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Editorial
Where the land ends and the sea begins
Kun Hwang, MD1,2orcid

DOI: https://doi.org/10.20408/jti.2022.0081
Published online: June 9, 2023
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1Department of Plastic Surgery, Armed Forces Capital Hospital, Seongnam, Korea

2Ewha Medical Academy, Ewha Womans University Medical Center, Seoul, Korea

Correspondence to Kun Hwang, MD Department of Plastic Surgery, Armed Forces Capital Hospital, 81 Saemaeul-ro 177beon-gil, Bundang-gu, Seongnam 13574, Korea Tel: +82-31-725-6265 Email: jokerhg@naver.com
• Received: December 10, 2022   • Accepted: January 26, 2023

Copyright © 2023 The Korean Society of Traumatology

This is an Open Access article distributed under the terms of the Creative Commons Attribution Non-Commercial License (http://creativecommons.org/licenses/by-nc/4.0/) which permits unrestricted non-commercial use, distribution, and reproduction in any medium, provided the original work is properly cited.

Onde a terra se acaba e o mar começa [(Here is) Where the land ends and the sea begins].
—Luís de Camões (1527–1580)
The reason I chose to visit Lisbon this autumn was to enjoy walking through the beautiful alley seen in the movie Night Train to Lisbon (starring Jeremy Irons, directed by Bille August, 2013). In the movie, a Latin language teacher travels to Lisbon in the hope of discovering the fate of an author of a book, a doctor and a poet.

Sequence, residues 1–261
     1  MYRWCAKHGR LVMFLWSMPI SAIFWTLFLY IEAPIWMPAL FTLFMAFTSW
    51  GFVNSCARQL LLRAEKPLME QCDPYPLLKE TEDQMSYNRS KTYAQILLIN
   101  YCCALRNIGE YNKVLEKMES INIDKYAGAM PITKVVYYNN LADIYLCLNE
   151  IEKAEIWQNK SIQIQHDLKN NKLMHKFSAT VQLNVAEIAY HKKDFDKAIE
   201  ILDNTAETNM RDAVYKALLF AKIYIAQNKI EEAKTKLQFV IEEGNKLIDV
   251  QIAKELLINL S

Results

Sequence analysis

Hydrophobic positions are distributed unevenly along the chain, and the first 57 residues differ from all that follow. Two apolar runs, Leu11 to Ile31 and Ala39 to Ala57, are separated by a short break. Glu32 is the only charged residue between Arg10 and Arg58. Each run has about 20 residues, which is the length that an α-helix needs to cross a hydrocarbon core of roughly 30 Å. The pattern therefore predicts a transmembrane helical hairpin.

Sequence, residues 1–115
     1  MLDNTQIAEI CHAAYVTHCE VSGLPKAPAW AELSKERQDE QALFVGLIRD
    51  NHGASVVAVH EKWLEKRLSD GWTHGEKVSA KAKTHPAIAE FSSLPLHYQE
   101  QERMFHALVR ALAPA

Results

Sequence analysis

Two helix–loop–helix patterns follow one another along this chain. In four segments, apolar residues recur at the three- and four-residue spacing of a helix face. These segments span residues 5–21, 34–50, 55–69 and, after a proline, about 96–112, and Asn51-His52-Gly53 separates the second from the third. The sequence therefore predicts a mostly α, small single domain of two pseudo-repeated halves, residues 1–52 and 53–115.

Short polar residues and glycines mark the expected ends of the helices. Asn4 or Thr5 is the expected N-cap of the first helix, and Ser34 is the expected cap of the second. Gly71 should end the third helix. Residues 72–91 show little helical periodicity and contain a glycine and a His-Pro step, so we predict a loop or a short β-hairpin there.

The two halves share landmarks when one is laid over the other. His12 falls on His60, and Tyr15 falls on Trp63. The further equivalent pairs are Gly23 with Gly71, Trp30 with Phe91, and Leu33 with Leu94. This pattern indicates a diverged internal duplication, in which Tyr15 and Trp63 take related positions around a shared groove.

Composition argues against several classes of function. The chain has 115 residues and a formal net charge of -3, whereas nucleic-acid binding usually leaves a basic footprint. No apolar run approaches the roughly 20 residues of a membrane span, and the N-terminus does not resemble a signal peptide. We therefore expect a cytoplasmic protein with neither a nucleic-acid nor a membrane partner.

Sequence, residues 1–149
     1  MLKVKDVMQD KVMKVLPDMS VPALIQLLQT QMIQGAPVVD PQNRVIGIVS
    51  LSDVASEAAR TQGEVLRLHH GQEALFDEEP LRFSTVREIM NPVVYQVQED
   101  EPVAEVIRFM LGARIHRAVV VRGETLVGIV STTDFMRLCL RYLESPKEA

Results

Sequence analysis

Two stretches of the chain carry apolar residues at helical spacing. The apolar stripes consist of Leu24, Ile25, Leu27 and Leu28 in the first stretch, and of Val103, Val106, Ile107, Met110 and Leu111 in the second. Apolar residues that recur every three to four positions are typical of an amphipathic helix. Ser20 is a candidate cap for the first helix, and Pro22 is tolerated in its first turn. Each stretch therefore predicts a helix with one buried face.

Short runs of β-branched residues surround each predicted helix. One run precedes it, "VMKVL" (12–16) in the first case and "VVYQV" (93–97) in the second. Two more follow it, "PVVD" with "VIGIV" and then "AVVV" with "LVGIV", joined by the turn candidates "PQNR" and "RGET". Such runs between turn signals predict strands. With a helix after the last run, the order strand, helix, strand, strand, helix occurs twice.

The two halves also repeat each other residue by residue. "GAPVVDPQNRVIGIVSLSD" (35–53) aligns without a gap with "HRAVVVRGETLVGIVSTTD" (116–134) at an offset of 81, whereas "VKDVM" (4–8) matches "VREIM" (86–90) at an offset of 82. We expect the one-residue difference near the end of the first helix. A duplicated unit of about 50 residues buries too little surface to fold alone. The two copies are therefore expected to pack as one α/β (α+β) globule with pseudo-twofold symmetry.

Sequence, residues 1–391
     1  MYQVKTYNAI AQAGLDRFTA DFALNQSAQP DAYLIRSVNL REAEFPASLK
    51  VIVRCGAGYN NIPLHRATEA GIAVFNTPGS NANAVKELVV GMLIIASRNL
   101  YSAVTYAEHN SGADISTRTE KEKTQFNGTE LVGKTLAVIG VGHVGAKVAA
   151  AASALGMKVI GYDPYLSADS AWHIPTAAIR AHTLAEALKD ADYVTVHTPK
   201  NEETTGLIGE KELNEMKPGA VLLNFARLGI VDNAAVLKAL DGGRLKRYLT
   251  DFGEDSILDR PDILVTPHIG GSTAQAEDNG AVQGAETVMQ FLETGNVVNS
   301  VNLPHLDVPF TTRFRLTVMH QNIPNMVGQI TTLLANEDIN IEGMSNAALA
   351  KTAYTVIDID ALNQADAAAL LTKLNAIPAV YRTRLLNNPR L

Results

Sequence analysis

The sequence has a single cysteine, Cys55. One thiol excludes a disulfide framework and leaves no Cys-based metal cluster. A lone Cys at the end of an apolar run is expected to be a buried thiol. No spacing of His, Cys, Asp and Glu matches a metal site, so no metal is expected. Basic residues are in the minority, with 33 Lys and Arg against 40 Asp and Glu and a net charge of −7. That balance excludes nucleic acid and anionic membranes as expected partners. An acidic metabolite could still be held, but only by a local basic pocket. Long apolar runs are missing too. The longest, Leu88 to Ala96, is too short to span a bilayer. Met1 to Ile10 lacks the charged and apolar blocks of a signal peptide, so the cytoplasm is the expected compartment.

As well as the charming places in the movie, the most impressive place was Jerónimos Monastery near the river Tragus. The south entrance of this monastery is a shrine-like portal with many carved figures. A statue of Henry the Navigator (1394–1460) was standing on a pedestal between the two doors (Fig. 1). Upon entering this portal, there was a church. Inside this church, I saw two stone tombs that were supported by six stone lions at the lower choir of this church. A sailing boat was carved on the tomb of Vasco da Gama (1468–1523). A lute and a pen were carved on the tomb of Luís de Camões (1527–1580).
As known, Prince Henry the Navigator is regarded as the main initiator of the Age of Discovery through his administrative directions, such as establishing shipbuilding and sailing schools and supporting the discoveries of sailors who were trying to find a new maritime route. He was a central figure in the 15th-century European maritime discoveries and expansion. This church (dedicated to Santa Maria de Belém) was initially built by Henry the Navigator. Before departing the port, explorers spent the night in this church praying for their success and safe return. When Vasco da Gama and his crew started their adventure to India in 1497, they spent the night in prayer here before departing. His voyage to India by way of Cape of Good Hope was the first to link Europe and Asia by an ocean route, connecting the Atlantic and the Indian oceans and opening the way to global multiculturalism. In honor of Vasco da Gama, Luís de Camões wrote an epic poem, Os Lusíadas (The Lusiads).
At Cabo da Roca, or Cape Roca, a cape on the westernmost point of Portugal, of continental Europe, and of the Eurasian landmass, I again saw a part of the poem written by Luís de Camões on a monument: “Onde a terra se acaba e o mar começa [(Here is) Where the land ends and the sea begins].”